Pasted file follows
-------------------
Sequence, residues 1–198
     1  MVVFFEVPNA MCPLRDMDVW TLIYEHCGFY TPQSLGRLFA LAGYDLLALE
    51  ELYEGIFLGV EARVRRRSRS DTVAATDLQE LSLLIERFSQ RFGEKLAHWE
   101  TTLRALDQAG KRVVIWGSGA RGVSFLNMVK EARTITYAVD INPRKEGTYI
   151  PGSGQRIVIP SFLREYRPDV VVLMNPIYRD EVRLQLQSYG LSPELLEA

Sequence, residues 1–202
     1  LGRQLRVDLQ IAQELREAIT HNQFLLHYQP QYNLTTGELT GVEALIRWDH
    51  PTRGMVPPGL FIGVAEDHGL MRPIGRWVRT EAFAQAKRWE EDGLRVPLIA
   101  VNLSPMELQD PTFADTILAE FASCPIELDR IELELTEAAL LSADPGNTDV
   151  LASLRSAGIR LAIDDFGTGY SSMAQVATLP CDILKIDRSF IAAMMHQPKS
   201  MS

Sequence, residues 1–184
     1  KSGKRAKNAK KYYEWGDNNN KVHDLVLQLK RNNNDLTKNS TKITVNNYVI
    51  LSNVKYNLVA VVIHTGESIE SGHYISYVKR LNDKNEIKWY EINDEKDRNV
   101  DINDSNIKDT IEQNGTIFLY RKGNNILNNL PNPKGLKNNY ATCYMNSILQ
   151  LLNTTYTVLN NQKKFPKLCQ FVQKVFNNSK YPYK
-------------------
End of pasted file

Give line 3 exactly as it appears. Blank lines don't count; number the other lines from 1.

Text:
    51  ELYEGIFLGV EARVRRRSRS DTVAATDLQE LSLLIERFSQ RFGEKLAHWE